Manual vs Automated Improvements
Automated processes for the development, testing, deployment, and operations of a system are preferable to manual steps or processes. No question about it. Your desired vision and end state should always be automated and easily evidenced pipelines of delivery and management for your systems.
While you're moving towards that ideal end state always consider manual improvements along the way. The aim here is to develop an ability to continually improve your systems management so you can methodically untangle and improve your enterprise. If you can easily improve manual processes then you should do it immediately - especially if it reduces wait states in your process.
So what should you automate? Anything that you do repeatedly in each environment from development to production. Deployments are a good place for initial focus. If this is currently difficult with a particular system then break down the problem into smaller parts. Are deployable artifacts managed and versioned? Is it difficult to deploy the application without manually changing the configuration each time? Can we automate system verification with a health check page or report that includes configuration, versions of code and schemas, and current state of any end points?
Once you develop a predictable and continually improving cadence for deploying your critical systems then you have the basic groundwork for improving your overall enterprise footprint. You can start to plan small, lower risk changes to your architecture and integrations since the cost of moving to production is a known constraint that you can easily incorporate into an improvement plan. In essence, it's a powerful risk management tool. Deployments become a known, and lowering variable - not an impediment.
After the deployment process is stable and improving then you can start to look at other techniques for reducing your cycle times:
- Functional, stable end points in the system for smoke and functional testing
- Improved system verification points for testing and monitoring including data, integration points, and logging
- Versioned and flexible configurations which enable different test strategies and missions
- Versioned and automated deployments for database schemas including rollback
- Standard health check pages for all systems in your footprint with status, versions, and configurations
- Automated build and deploy tooling and pipelines which manage and report the overall process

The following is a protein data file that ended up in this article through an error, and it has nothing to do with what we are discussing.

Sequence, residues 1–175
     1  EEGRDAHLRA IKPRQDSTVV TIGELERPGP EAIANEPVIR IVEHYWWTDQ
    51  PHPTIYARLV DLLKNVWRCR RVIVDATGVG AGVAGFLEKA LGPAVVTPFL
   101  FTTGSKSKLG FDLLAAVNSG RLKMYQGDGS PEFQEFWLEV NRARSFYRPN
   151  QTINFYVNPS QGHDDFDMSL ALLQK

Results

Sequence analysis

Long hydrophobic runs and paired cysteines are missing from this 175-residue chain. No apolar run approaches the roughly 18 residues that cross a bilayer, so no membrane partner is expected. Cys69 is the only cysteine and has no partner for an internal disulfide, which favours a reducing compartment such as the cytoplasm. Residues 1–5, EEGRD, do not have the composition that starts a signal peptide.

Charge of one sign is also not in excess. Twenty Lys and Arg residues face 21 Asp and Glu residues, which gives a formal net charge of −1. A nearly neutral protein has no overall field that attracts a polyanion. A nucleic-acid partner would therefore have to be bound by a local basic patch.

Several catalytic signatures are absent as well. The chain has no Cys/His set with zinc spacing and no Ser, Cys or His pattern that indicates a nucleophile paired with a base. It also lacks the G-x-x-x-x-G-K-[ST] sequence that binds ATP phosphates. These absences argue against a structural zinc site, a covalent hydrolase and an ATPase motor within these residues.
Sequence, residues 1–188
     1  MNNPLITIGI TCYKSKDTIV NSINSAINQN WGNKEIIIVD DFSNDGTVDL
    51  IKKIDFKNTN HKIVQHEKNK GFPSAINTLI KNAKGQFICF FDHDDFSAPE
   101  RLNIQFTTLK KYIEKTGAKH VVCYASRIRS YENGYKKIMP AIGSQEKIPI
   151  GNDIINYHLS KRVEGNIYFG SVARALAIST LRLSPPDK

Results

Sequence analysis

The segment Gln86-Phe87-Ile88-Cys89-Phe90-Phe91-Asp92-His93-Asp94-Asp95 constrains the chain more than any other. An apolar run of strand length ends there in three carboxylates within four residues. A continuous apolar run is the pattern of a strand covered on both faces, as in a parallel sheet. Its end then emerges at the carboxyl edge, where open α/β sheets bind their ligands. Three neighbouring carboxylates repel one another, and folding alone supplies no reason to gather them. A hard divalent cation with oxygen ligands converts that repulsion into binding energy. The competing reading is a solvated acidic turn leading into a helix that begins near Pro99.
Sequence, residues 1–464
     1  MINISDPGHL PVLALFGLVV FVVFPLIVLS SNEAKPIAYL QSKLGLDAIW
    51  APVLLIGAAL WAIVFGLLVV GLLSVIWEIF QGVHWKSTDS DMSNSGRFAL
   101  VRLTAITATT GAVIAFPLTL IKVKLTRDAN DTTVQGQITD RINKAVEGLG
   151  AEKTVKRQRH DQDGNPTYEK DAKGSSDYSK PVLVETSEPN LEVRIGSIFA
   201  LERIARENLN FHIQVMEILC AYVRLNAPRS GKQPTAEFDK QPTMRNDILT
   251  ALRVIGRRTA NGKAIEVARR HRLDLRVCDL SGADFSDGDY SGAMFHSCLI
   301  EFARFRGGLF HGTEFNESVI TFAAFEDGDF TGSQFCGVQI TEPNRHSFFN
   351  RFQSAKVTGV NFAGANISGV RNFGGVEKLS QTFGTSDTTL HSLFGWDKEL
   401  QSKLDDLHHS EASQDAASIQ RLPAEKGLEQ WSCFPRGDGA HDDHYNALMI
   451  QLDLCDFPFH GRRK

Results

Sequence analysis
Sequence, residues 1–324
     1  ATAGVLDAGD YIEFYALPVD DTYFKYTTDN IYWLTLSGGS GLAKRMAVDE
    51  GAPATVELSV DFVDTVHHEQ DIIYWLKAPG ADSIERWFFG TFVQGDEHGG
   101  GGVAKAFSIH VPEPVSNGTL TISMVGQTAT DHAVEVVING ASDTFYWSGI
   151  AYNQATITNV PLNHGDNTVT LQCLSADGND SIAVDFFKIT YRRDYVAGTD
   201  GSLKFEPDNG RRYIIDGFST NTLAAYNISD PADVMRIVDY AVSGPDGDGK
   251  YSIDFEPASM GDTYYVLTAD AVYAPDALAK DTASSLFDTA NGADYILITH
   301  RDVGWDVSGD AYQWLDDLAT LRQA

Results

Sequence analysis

An additional benefit is that you can create greenfield environments for experimentation and investigation. For example, you might want to improve the flexibility of the system configuration for a particular system but you're concerned about "polluting" your existing test environments. Create a clean install on a server with limited capability where your teams can experiment with ideas and techniques, then throw it away once they are confident in their plan. In the early days of continuous improvement you won't have the luxury of automated build, test, and deploy pipelines so you need a safe haven while you're building the capabilities.
Finally, questions always arise about scaling these types of continuous improvement efforts to a large enterprise with dozens, or even hundreds of systems. Many of the activities I describe sound labour intensive. Much of the work can be done with simple tools like whiteboards and spreadsheets. However, the skills and expertise that your teams develop at evaluating and improving the systems that they support and integrate is the most important outcome. Once a sustainable and measurable practice of improvement is in place for key systems then you have the opportunity to increase organisational alignment through the sharing of knowledge and skills across functional groups and in different system domains. Scaling comes through broader knowledge and an environment where skills and abilities cross functional boundaries. The true measure of progress will be the accelerated learning across your organisation.